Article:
May 26, 2011 § 2 Comments
A fifteen minute brisk walk in the morning gets us from the hotel to the hospital. It’s a beautiful day in the city of Yerevan; the weather reminds me of our weather back home. l get greeted by “ bare luis”, “bare luis “ as I walk in, staff and patients smiling even though I do not understand their language or they mine, we seem to have a special bond as our eyes meet. Mothers and their babies, some in their arms and some by their side throng the hallway. Each is anxious to be seen. Some fathers pace up and down and press against the doors. These mothers have the same aspirations for their offspring as any other mother in the world. They all wish their children to reach their full potential.
I sit down at my desk to see a child with a cleft lip, then a cleft palate, then both, a syndactyly , some in the hands and some in the feet, polydactyly, and then badly healed burns with keloids, then worse ones with contractures and then a series of rare syndromes. I see a milieu of patients one after the other, trying to determine their overall health status, respiratory, cardiovascular and nutrition, to see if they would be a safe candidate for Surgery. I feel the mothers’ pain as I turn away some, denying them the chance of being normal like everybody else. The Armenian Pediatrician from Saint Gregor Lusavorich Medical Center comes in and joins me every day. She evaluates patients with me, interpreting Armenian at the same time and we look at syndromes and congenital anomalies together, both advocates for children. Treacher Collins, Pierre Robin , Congenital Familial Ptosis, Phocomelia were some of the rare cases we spotted.
There are several orphanages in the vicinity that brought in children with cleft lips and palates. These children have uniquely adapted to their environments by developing self-soothing and self-comforting behaviors that are very interesting to observe. One child in a seat rocker is able to rock herself at will every so often. These cases are high priority for correction.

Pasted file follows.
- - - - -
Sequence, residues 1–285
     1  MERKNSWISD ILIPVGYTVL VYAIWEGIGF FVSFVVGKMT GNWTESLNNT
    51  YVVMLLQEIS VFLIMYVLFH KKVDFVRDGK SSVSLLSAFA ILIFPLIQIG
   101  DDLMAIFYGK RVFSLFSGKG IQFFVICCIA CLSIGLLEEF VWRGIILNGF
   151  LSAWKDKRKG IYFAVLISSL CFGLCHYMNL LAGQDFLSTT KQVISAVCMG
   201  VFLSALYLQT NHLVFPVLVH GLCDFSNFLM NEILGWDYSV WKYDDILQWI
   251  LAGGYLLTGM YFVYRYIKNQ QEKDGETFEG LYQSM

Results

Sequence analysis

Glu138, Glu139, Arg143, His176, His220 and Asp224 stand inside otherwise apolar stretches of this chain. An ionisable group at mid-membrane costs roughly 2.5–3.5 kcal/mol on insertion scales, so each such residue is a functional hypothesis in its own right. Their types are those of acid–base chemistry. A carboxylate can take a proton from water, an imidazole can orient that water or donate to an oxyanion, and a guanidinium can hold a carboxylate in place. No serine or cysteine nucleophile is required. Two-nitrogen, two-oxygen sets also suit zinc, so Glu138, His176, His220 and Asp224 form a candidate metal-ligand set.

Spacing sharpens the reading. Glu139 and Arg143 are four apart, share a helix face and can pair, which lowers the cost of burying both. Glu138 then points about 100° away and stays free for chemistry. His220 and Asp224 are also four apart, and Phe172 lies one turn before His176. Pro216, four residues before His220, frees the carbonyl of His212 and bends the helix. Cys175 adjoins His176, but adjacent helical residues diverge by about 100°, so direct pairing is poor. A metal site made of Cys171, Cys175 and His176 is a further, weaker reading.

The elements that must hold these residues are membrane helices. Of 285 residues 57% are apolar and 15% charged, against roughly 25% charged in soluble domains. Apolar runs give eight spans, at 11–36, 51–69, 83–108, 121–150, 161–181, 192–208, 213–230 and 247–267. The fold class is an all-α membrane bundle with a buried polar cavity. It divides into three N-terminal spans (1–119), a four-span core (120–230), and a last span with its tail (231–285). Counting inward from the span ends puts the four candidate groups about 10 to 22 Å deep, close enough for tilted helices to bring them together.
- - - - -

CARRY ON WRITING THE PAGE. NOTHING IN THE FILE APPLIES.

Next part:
A messenger from the operation theater hurries in. The anesthesiologist needs my opinion on a patient’s rash. The patient is ready for induction and he wants to know if it is safe to proceed. On evaluation and taking a short history and physical exam, it appears benign and they are able to proceed with surgery.
15 month old Avdalian had palate surgery and was transferred to the recovery room. He was having a difficult time with breathing. The general surgeon came looking for me in the clinic; they needed me to evaluate this patient. His airway was inflamed after extubation. He developed stridor and retractions which is upper airway difficulty. This proved to be a good time to collaborate with the local Pediatricians to see what local injectable and inhalant medications were available. Avdalian was put on inhalation treatments and his oxygen status was maintained. With the help of our experienced recovery room nurse he was successfully transitioned to the general floor.
A few distraught looking Armenian nurses came up to me. Vlad a little 4 year old boy on the floor was in very bad pain. He had extensive repairs for post burn keloids. I ordered more pain medications so he could be comfortable and had Suzi our helper take crayons, coloring books and toys to do play therapy with him. All was calm but only for a split second…
Then back to clinic ….
Annu Sharma, MD